This massacre could have been avoided if Ouattara had accepted mediation through the African Union. On March 27, the African Union sent former Cape Verde Foreign Minister Jose Brito to mediate between Ouattara and Gbagbo. Gbagbo accepted the mediation. Ouattara did not.

I have been following the events closely in Cote d'Ivoire since last fall, and after having spoken with various African dignitaries, I am convinced there is a serious question as to whether Ouattara is the legitimately elected President of Cote d'Ivoire.

I have received substantial evidence of massive voter fraud in the rebel-held north of Cote d'Ivoire. That is the area from which Ouattara comes. I have sent the evidence to Secretary Clinton on two occasions spanning the last few months. One letter is where we actually have the evidence of the number of votes that were stolen. In one letter I pointed out--the last letter, which I will have printed in the RECORD--the evidence which shows that Ouattara received 94,873 votes that were listed on a tally sheet for one of the five regions in the rebel-held north. Times this by four, and it comes very close to the margin of votes that allegedly President Gbagbo lost. That is 400,000 votes.

If, indeed, a similar amount of voter fraud exists in these regions, Gbagbo is the actual winner of the November 28 Presidential election. That is too complicated. Look at it this way: In those five regions--they do not call them precincts; some of the small ones they call precincts, so it is a little confusing. In the first letter I sent, I commented that Gbagbo, in what we would call a primary, had won thousands of votes in each one of those five precincts up north. However, in the primary runoff, he got zero. I suggest to you that is a statistical impossibility. You cannot get zero after you had thousands of votes.

In my letter to Secretary Clinton, I called for the United States to support new elections there, but thus far those efforts have received an inadequate response. Based on the news Ouattara has murdered some 1,000 people in Duekoue, I hope the United States will reconsider its position and call for a new election.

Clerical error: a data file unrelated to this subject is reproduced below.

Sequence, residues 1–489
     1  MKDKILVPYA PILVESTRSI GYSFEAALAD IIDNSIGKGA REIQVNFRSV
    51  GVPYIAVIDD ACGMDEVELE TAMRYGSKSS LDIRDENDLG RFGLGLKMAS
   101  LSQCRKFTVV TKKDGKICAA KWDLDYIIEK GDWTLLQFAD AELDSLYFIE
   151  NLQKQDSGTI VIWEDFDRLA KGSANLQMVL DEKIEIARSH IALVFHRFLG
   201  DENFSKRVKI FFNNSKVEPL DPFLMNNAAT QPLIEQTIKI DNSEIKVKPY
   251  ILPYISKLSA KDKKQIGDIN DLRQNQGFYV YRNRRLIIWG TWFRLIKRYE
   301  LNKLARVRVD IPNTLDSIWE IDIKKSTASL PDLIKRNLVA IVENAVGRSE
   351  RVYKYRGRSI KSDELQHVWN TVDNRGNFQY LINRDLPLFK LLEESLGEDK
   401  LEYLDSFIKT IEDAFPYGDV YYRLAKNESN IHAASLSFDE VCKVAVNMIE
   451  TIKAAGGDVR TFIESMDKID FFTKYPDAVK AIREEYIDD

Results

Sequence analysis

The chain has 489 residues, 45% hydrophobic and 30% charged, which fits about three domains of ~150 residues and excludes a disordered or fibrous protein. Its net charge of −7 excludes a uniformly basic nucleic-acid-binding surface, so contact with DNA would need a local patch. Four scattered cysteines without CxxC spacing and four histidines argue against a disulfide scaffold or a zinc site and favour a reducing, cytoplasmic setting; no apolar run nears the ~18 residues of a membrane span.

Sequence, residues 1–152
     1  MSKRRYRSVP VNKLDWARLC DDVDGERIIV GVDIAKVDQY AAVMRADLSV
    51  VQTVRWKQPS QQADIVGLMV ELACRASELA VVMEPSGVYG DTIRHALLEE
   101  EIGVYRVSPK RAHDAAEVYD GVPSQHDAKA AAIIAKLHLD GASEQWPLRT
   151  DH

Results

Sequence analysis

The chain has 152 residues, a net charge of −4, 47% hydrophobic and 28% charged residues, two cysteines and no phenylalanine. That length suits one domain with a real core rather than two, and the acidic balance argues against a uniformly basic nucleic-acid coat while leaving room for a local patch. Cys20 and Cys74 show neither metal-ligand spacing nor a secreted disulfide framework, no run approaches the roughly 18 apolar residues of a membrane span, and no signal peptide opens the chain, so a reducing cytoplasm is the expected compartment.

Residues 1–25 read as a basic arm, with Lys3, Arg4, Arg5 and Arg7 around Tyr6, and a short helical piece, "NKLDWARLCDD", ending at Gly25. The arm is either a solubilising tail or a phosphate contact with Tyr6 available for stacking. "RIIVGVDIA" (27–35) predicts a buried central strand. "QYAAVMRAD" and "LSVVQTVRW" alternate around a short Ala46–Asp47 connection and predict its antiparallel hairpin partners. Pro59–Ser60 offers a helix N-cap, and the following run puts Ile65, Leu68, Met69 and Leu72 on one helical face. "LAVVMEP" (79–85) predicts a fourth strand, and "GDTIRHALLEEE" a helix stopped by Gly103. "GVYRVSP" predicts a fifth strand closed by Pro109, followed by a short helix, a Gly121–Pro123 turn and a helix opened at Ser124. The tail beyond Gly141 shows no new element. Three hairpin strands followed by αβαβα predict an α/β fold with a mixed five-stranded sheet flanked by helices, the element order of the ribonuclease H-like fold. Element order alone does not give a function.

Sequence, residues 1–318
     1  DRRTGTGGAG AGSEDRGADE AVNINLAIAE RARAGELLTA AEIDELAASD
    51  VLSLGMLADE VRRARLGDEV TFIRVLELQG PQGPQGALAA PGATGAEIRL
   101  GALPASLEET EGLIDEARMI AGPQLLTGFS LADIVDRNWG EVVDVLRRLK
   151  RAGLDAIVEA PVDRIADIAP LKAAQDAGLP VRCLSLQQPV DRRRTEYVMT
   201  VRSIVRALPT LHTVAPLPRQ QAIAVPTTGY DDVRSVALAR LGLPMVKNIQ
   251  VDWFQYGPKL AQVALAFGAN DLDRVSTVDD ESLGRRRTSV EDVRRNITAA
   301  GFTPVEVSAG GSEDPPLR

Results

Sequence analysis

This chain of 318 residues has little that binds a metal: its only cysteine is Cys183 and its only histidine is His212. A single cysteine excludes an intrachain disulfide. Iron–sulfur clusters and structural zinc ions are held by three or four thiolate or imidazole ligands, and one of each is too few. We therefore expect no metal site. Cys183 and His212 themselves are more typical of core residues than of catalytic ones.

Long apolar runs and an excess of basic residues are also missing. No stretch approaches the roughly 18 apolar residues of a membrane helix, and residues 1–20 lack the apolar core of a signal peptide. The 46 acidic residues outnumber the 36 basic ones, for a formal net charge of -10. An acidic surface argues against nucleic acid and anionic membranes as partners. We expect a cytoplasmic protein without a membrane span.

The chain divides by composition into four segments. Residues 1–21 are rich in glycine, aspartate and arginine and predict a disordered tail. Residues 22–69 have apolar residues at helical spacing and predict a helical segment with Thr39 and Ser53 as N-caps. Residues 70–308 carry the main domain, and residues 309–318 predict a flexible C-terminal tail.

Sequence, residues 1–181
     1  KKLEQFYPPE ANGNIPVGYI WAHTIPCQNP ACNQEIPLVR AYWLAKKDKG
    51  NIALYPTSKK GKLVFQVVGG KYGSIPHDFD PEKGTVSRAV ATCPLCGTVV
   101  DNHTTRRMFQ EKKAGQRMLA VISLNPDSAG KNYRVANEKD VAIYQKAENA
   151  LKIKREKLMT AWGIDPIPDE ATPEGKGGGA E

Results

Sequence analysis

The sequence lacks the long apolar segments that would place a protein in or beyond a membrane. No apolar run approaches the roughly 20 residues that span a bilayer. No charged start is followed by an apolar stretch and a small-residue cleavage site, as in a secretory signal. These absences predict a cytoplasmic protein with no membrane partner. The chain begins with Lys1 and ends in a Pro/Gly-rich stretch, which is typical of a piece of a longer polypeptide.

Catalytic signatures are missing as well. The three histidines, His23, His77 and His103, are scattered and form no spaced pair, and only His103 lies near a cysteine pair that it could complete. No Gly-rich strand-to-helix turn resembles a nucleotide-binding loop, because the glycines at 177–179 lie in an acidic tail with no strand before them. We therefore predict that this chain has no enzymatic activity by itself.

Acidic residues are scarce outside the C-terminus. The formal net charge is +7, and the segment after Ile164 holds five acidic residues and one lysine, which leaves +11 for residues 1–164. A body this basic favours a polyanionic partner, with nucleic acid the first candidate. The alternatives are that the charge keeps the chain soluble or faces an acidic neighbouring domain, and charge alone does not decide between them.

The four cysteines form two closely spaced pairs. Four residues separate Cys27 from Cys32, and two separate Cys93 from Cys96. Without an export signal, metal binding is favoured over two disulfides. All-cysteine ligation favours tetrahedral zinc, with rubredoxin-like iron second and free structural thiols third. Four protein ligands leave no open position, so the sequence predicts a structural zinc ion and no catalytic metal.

This Wednesday, April 6, will mark the 17th anniversary of the 1994 Rwanda genocide. I went back for the anniversary of that genocide. I have been

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there many times before. We know that the U.N. Secretary General Kofi Annan and others knew the extent of this violence early on but did nothing about it. Now we know there can be another genocide occurring, and we do know in advance. That is why the United States is going to have to call for an immediate cease-fire to prevent Ouattara and his rebel army from committing a mass slaughter of the Ivoirians, especially the many youths with sticks and baseball bats who are protecting President Gbagbo at the present time around the Presidential palace.

You have to get this mental picture: They have these young kids marching around. They do not have weapons. They are carrying baseball bats and Ð2 x 4s.

I have also been told in the last half hour that U.N. helicopters--U.N. peacekeeping helicopters--are firing on Gbagbo's military camp, causing massive explosions. There could be some confusion on this because two of the articles that came out in the last half hour--one was talking about the French, who are kind of behind and supporting, of course, Ouattara, that they are involved in this. The other says the United Nations. I am not sure. One of the two is.

Lastly, I sent Senate Foreign Relations Committee Chairman John Kerry--by the way, I talked with him personally about this situation. He is very concerned about it. I requested he convene a hearing as soon as possible into the atrocities committed by forces loyal to rebel leader Ouattara, as well as into what I believe were flawed elections that gave legitimacy to his claim of the Presidency.

I ask unanimous consent to have printed in the Record the two letters sent to Secretary Clinton, along with the letter sent to Senator Kerry, and the miscalculation of the election that I honestly in my heart believe was stolen. This is the tabulation of the precincts. Add up the precincts and in just one precinct, there was a mistake of over 85,000 votes--just in one precinct.

There being no objection, the material was ordered to be printed in the Record, as follows:

U.S. SENATE,

Washington, DC, February 9, 2011.
Hon. Hillary Rodham Clinton,
Secretary of State, U.S. Department of State, Washington, DC.

Dear Madam Secretary: I write regarding my grave concerns over the conduct of the second round of voting in the presidential election held in Cote d'Ivoire last November 28, 2010.